Posted on Aug 1st, 2016
It seems that every other week you end up reading a piece about how reality might actually be a simulation. This is one of those articles.
The human mind is inherently suspicious. If it weren’t, we probably wouldn’t have made it this far. Throughout history we can find multiple examples of doubt towards various aspects of reality. One of the best is Descartes’ Evil Demon concept, where he hypothesizes the existence of a powerful and misleading entity whose only purpose is to deceit in every way.
This ‘demon’ could present Descartes with a realistic and exhaustive illusion of the outside world, complete with other humans and their own minds. Everything would feel real, although it would be nothing more than a continuously-fed deception.
Descartes’ evil demon experiment was interesting but had no real basis or evidence, so it was regarded as a simple exercise, a quirk of one’s imagination. But then a new concept came along and breathed new life into a century-old idea. It’s called quantum realism and it builds on the same principle: that what we see isn’t real, but a masterful illusion. However, QR doesn’t attribute the illusion-generating powers to a demonic entity, but to something more mysterious and even harder to see—quantum mechanics.
Our everyday lives are governed by physical realism; you see something, you feel something, you know it’s going to respect the same physical rules as everything else. The laws of mechanics we all subjectively know through observation are inevitable—the apple always falls from the tree.
But when we start going down, towards the subatomic level, the weirdness starts. Welcome to the quantum world, where thing work differently. Particles exist in multiple places at the same time and keep popping in and out of existence.
Our minds are used with physical realism, so the weirdness of the quantum world—where things are and aren’t at the same time—seems like an arcane wonderland. We can’t explain quantum physics through conventional, Newtonian physics and it seems counter-intuitive to assume that our straight, predictable and visible world can generate such a wacky one when we get really microscopic.
That is where the concept of quantum realism steps in.
According to QR, the quantum world is the real deal and the physical world we see is actually a virtual reality generated by the quantum domain. Sure, this sounds strange but the physical world subscribes to the quantum one and not the other way around. Furthermore, quantum mechanics can be successfully used to predict physical mechanics since the former generates the latter. To us, this would be the equivalent of Wonderland creating Alice.
Is the Universe an Illusion Generated by the Quantum World? (Part II)
Posted on Aug 1st, 2016
There is a concept called Quantum Realism that proposes an alternate explanation for everything: the universe is a simulation, created by the quantum world.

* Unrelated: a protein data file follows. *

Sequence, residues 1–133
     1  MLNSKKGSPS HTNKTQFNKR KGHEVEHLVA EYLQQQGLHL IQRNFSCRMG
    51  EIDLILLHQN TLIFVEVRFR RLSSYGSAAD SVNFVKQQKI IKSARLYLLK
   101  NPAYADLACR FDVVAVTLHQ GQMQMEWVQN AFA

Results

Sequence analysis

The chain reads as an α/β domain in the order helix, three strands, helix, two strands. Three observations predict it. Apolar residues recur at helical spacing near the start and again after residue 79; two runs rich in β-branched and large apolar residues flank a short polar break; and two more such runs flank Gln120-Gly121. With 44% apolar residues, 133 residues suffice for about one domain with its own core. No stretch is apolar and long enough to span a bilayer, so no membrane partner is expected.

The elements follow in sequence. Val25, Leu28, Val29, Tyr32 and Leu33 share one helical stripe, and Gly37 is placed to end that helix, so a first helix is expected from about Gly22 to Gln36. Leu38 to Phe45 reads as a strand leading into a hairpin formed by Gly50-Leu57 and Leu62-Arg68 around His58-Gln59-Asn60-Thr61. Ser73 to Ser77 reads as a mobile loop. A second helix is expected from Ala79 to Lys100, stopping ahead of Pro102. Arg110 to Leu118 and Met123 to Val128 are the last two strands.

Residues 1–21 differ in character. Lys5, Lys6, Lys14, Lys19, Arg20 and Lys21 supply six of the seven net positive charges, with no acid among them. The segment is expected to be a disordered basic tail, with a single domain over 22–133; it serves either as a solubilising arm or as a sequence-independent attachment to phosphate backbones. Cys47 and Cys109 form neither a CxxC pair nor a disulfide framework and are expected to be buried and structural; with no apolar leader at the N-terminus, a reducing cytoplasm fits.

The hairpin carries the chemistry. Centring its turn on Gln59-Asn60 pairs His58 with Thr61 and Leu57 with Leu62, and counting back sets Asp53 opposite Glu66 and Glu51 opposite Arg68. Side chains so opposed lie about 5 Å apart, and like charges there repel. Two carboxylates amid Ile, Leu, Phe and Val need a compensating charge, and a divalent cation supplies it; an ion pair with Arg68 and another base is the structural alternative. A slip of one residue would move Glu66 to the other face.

Read Part I here .
Another riddle conventional science hasn’t been able to explain is time dilation. How could the measure of all things be subject to change?
In his famous twin paradox, Einstein showed that as speed increases, time itself slows down. One of two identical twins spends a year of his life in a rocket traveling at nearly the speed of light while the other remains on Earth. But when the space-faring brother returns, he is surprised to see his brother is now an old man. Is this possible?
But if reality is virtual, it means time must also be virtual. It’s an observed scientific fact that time slows down near massive celestial bodies or whenever speed increases. In QR, this is an indicator that computational power is being allocated somewhere so there aren’t enough resources to make time flow at its normal rate. Massive bodies or immense speeds require the system to ‘work harder’ so time lags behind.
Quantum realism also has an explanation for the curvature of space that occurs near celestial bodies. But how can the medium through which movement occurs curve itself? It would mean that it exists in another space, and that other space exists in another space, and so on, ad infinitum. But if the world is a virtual reality, ’empty space’ is not really empty but a processing network that is idling or a 3D surface that is capable of curving to accommodate various processes.
Massive celestial bodies curve time-space.
Another thing that can’t be explained is antimatter. If a proton meets an anti-proton, they will annihilate each other in a dazzling display of fireworks and with a massive energy release. But that’s not even half the story. If an electron collided into an anti-electron, the anti-electron would enter the collision traveling back through time. No-one knows why it does what it does.
But, as quantum realism posits, if matter is generated at the end of a computational process, this means it is value-based. So if you invert the value of matter, you end up with the opposite: antimatter. And if antimatter is the result of reverse processing cycles, it’s logical that it runs time backwards. But the only type of time that is reversible is virtual time.
Thanks to: http://www.ewao.com